Traditional Malay Medicine
Traditional Malay Medicine comprises the practices, approaches and knowledge of health and healing that are associated with Malay culture and passed down through generations.
The human body is believed to constitute four elements- fire, earth, wind and water. The semanagat (soul substance) of a person determines an individual’s susceptibility to various illnesses.
In addition, there is the concept of dichotomy of “hot” and “cold”. Food can be categorised into “hot”, “cold” and “neutral” groups, and they affect the body fluids and immunity functions of a person differently. It is only when all four elements as well as the “hot” and “cold” aspects are balanced, that optimal health can be achieved.
Traditional Malay Medicine is practised in regions with Malay communities, including in Malaysia, Indonesia and Singapore.
In Singapore, practitioners include those who offer herbal remedies and urut (traditional massage techniques) practitioners. Members from the Malay communities as well as other communities look to these traditional medicinal practices for their medical treatment and for improving their well-being.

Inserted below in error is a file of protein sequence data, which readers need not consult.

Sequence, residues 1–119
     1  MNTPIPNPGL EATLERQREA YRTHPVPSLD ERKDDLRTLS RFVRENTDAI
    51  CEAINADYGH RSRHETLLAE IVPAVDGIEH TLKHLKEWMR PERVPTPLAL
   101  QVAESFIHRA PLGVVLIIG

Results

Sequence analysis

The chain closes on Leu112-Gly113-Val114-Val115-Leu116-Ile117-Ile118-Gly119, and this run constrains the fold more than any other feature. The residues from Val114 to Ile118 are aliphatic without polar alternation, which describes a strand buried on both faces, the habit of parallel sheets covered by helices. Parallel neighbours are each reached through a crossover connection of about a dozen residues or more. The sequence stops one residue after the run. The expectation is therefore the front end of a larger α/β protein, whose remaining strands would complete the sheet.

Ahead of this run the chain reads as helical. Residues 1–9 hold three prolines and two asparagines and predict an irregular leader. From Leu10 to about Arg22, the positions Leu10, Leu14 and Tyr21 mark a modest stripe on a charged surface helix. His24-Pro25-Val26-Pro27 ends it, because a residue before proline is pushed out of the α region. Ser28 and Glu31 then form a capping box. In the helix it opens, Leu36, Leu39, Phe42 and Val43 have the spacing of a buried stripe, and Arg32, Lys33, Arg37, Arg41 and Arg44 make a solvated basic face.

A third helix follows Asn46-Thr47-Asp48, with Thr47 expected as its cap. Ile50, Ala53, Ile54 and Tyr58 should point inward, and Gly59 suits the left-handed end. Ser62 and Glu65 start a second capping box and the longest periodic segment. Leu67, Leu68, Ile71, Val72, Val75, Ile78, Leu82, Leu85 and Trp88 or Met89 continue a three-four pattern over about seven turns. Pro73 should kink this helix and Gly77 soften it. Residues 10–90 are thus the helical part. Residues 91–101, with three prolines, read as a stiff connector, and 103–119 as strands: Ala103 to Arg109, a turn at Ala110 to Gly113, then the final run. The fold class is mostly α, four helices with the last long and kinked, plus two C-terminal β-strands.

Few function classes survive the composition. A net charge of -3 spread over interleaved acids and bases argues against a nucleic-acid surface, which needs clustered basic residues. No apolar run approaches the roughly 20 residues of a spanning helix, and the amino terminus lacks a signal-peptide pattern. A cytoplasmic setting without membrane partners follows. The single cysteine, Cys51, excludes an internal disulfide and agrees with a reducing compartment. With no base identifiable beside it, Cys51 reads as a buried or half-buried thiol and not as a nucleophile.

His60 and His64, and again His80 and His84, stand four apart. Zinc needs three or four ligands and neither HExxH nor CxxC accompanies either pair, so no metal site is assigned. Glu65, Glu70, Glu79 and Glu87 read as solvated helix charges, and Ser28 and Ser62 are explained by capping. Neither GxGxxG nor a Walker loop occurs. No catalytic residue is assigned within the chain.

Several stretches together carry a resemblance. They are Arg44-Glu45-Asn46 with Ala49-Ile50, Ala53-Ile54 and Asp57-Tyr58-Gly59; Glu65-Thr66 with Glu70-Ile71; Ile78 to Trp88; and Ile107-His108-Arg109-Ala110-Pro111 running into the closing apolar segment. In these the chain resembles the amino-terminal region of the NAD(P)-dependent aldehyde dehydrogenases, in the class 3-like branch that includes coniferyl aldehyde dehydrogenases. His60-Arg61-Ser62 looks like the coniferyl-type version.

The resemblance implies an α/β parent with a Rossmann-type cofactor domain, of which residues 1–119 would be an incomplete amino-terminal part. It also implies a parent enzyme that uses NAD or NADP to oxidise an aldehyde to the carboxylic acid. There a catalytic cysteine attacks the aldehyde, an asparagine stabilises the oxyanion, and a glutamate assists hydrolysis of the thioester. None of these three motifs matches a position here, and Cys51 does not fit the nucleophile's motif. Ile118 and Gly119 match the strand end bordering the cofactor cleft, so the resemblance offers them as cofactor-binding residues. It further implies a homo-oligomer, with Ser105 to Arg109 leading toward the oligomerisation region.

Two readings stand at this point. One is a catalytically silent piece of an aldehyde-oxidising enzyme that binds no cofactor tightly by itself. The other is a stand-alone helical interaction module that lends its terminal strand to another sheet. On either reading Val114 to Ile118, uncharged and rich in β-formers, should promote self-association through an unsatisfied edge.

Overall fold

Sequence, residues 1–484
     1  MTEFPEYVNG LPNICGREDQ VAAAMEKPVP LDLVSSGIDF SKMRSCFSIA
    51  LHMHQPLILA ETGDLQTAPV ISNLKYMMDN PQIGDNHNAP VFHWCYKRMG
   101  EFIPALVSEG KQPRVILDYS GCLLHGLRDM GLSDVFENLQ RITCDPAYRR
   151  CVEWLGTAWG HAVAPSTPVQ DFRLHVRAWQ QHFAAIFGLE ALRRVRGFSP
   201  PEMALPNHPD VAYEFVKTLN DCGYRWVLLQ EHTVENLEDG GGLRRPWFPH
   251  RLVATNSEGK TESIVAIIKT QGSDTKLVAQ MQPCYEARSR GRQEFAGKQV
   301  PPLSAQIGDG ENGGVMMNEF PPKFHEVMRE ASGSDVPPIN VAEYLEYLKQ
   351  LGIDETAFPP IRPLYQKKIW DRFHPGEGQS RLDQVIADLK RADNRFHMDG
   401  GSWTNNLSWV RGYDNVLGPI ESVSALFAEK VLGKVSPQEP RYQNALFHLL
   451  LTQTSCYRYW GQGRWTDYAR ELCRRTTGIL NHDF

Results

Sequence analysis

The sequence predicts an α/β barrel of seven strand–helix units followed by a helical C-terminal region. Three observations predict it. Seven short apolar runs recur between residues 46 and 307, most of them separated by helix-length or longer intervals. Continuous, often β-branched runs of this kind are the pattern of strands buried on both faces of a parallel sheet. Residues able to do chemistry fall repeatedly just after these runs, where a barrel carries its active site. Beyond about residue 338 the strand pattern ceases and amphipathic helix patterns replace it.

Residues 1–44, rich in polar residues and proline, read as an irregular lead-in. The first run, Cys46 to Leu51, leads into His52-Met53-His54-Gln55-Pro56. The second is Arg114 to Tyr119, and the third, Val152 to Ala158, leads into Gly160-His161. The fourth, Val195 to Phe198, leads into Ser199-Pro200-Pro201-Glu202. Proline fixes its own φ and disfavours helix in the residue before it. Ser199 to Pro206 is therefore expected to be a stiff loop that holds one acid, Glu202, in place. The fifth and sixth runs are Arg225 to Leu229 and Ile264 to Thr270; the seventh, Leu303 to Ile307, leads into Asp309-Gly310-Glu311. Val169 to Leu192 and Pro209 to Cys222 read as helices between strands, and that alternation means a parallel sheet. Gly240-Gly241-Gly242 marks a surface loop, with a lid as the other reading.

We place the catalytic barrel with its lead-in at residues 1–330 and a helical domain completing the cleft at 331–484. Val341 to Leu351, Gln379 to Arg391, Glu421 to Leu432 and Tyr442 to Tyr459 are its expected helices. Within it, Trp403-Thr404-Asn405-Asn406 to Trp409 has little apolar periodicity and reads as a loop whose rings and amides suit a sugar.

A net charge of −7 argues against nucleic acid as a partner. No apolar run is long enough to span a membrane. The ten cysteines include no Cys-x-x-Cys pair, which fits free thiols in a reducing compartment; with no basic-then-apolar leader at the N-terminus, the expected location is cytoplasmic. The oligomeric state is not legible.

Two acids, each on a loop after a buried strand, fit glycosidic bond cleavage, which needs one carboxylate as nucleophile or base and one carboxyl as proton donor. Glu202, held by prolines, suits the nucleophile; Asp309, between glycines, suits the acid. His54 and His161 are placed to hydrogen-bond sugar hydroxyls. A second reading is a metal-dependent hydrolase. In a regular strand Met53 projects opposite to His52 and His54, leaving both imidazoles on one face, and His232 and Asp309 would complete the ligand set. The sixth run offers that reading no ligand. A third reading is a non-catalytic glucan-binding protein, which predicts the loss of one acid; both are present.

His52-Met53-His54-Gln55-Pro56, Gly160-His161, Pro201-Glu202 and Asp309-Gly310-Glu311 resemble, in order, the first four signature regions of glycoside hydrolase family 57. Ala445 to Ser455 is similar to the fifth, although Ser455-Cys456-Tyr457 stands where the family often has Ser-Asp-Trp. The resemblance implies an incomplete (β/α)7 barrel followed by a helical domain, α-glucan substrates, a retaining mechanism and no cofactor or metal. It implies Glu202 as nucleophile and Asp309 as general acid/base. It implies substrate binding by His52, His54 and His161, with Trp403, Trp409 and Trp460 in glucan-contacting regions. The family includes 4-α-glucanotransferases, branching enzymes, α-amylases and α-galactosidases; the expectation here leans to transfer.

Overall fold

Associated Social and Cultural Practices
The practices of Traditional Malay Medicine involve a combination of animist, Hindu and Islamic traditions. Healing may involve rituals, physiological aspects such as massage and bone-setting, as well as the use of medicine that are derived from plants, animals and minerals. Practitioners may also hold specialised knowledge related to women’s health, men’s health or traditional medicine such as jamu (herbal medicine).
Experience of a Practitioner
Ms Siti Nurhuda binte Saleh runs a stall in Clementi selling bunga rampai (floral potpourri) and jamu ingredients. Her knowledge in jamu was primarily self-taught; she had travelled to markets in Yogyakarta and Solo in Indonesia to source for ingredients and observe the processes of jamu-making.
Most of her customers for jamu are at least 30 years old. She notes that jamu may not appeal much to the younger generation likely because of their lack of awareness and jamu's bitter taste. However, Ms Siti Nurhuda shares that her younger sister and her niece are learning to make jamu.
Though there are various competing approaches in health and healing in today’s society, there has also been increasing awareness and appeal of jamu and urut beyond the Malay and Muslim communities. There are also practitioners who continue to maintain these traditional medical practices as a marker of cultural identity.
Reference No.: ICH-037
Date of Inclusion: April 2018; Updated March 2019
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